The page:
In April 2012, Team Fox member Josie Poehlmann celebrated the tenth anniversary of her event, the Annual Tom Poehlmann Benefit for Parkinsonís. Together with her sons Tom Jr. and Brian, Josie has been raising funds to honor her late husband, who had Parkinsonís disease. In the last ten years, they have raised nearly a quarter of a million dollars for Team Fox by inviting their friends and family members to McFaddenís Restaurant and Saloon in Philadelphia for an afternoon complete with live music, raffles, a silent auction and free draft beer.
This yearís event brought many obstacles, including new state gambling laws that prevented their annual (and successful) 50/50 and Chinese raffles, a torrential downpour on the day of that they were sure would affect attendance, and more. Despite all of this, about 300 people attended and they achieved their goal of raising $20,000.
We caught up with Josie to get her thoughts on this yearís event, and how things have evolved over the years. Anyone who lives in a state with strict gambling laws, take note. The Poehlmann family got creative this year when they were prohibited from having their raffles.
Team Fox: This was your 10th annual Tom Poehlmann Benefit. How has the event grown/changed over the years? What does the event mean to you?
Josie Poehlmann: This year was our 10th annual event in memory of my late husband, Tom. The first year was a very small venue. My son was a bartender where we held the event. It was only 9 months after Tomís death. I think at first, it was a way to keep our minds busy and not dwell on the loss. We always held the event the last week of March. This was when Tom went in for his DBS, so it had meaning for us. As the years went on, we grew to a bigger and bigger venue. By the third year, we were holding it at the sports bar at Citizenís Bank Park where the Philadelphia Phillies play baseball. It is centrally located, has a great layout, and plenty of parking. Our friends are so supportive that we realized we could generate a lot of funds with a silent auction. In time, we had so many items, we added a Chinese auction and 50/50 raffles.
This event means more to us each year. We know firsthand the difficulties the patients and their families face with PD. Tom was so strong and otherwise healthy. This disease brought him to his knees in six short years. Somehow we have to raise awareness so others will be able to have the support and compassion that we could not find.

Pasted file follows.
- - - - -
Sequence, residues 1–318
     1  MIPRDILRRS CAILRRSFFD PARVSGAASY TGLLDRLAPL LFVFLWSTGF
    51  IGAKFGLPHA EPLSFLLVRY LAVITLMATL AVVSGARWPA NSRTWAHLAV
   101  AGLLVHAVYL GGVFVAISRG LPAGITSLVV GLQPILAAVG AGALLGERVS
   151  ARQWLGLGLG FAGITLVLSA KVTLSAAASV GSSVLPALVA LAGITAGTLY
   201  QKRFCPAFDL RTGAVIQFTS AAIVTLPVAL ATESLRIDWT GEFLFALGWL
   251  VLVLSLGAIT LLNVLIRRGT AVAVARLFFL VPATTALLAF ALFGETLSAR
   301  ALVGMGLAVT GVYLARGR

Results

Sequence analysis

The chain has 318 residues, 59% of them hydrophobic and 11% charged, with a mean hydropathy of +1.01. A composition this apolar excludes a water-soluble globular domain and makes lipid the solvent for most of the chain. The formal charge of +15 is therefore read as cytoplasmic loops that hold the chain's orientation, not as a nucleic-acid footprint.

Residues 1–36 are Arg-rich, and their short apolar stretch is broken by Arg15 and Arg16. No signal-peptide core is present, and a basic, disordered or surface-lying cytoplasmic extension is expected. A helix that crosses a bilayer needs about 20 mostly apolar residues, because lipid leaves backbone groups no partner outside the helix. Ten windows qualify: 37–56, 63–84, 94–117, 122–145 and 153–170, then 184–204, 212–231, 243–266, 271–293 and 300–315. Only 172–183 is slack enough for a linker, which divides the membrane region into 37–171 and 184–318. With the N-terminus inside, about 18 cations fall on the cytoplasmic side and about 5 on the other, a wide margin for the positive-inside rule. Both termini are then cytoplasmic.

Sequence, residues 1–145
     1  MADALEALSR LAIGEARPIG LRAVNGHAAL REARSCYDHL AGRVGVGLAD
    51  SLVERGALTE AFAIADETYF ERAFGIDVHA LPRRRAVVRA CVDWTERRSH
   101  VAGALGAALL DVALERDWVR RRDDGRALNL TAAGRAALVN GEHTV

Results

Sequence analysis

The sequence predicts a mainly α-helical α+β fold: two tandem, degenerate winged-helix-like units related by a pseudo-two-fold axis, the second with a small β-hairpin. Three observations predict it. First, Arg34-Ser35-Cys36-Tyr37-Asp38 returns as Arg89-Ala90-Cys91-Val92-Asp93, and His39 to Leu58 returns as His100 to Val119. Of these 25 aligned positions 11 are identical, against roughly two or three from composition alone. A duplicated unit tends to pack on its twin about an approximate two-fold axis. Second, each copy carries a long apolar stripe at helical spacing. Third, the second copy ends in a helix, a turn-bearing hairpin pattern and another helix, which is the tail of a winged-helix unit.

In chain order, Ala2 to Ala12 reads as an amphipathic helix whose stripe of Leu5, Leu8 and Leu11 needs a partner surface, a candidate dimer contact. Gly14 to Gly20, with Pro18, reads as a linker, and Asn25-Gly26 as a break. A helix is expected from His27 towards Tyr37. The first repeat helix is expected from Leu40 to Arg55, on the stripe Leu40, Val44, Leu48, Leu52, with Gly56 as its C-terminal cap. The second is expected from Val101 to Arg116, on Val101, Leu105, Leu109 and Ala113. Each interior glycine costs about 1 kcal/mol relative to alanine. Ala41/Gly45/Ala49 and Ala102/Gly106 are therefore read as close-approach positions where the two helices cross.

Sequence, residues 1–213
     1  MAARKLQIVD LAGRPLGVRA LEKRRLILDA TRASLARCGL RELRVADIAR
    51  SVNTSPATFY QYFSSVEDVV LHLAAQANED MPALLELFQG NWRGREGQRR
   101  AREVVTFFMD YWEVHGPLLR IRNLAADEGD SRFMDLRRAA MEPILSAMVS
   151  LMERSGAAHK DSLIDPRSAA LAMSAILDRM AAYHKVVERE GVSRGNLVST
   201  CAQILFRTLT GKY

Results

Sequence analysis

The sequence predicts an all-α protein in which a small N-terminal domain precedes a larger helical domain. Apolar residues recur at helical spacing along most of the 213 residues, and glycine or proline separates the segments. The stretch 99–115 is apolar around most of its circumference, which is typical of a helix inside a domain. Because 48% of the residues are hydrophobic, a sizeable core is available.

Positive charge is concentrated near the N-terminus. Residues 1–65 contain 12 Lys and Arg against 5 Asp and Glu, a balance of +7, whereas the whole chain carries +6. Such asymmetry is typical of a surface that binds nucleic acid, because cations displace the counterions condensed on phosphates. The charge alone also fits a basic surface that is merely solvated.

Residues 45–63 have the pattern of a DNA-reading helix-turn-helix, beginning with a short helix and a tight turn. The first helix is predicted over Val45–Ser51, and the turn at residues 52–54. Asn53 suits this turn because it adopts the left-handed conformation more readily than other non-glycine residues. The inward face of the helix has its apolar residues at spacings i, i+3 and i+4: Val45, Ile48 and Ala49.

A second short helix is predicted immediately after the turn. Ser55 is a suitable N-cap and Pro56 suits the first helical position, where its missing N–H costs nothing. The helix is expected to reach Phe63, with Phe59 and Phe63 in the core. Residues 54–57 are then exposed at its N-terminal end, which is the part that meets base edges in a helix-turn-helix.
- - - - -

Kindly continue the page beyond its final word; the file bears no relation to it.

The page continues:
TF: Do you have an event committee in place? Do you implement any fundraising strategies to keep your costs down?
JP: We talk about forming a committee each year, and then, somehow, life sets in and we are planning another one ourselves. My son Brian and his wife, Zeffi, are the wind behind this event. Brian is in the bar business and between him and my other son, Tom, there are many friends that are restaurateurs. McFaddenís gives us a great price on the alcohol and food since Brian works there. Everything else we do is donated from printing and t-shirts to $800 worth of raffle prizes. I own a hair salon and my clients have supported this raffle for all of these years. I am also blessed to have a lot of wonderful relatives, friends and employees, who brainstorm each year for new ideas and put a lot of sweat into the event.
TF: What was the most difficult part of putting together your event his year? What was the easiest part?
JP: This year we had a roadblock. The state of Pennsylvania decided to enforce gambling laws prohibiting us from conducting games of chance. We had to get creative. To replace the 50/50 raffle we bought some unusual shaped containers. We filled one with animal crackers, one with skittles and one with rubber bands. Three different people circulated the room with clipboards and their container. The point of the game was to guess how many items were in each container, and we charged a guessing fee. We had three different prizes for each, and everyone seemed to have fun with the new game.
TF: If you could do one thing differently, what would it be and why?
JP: We found out that there are people who do silent auctions as a profession. We took a chance this year and hired one. It was the easiest part of the event. We had nothing to do. He took his percentage and we made out remarkably well. I would recommend this if you have a way to check out the credibility of the vendor. He handled the setup, breakdown and check out, and we made more than he did. It was a huge success.
TF: Anything else youíd like to share?
JP: This event has become so much more than healing our sadness on the anniversary of Tomís death. It has taken on a life of its own. I am a true spokesperson for Parkinsonís disease. †Being a caregiver for so many years, and witnessing the ups and downs of the meds and the personality changes of the afflicted, I try to help in any way I can. Even if it is just listening. We know how much MJFF has accomplished in these 10 years. There is still so much more to do, but it isnít even about the money. Each year we meet young onset patients at our event. This fundraiser brings awareness about Parkinsonís disease. We are there to give information, to steer those afflicted in the right direction, and give our support, comfort and friendship.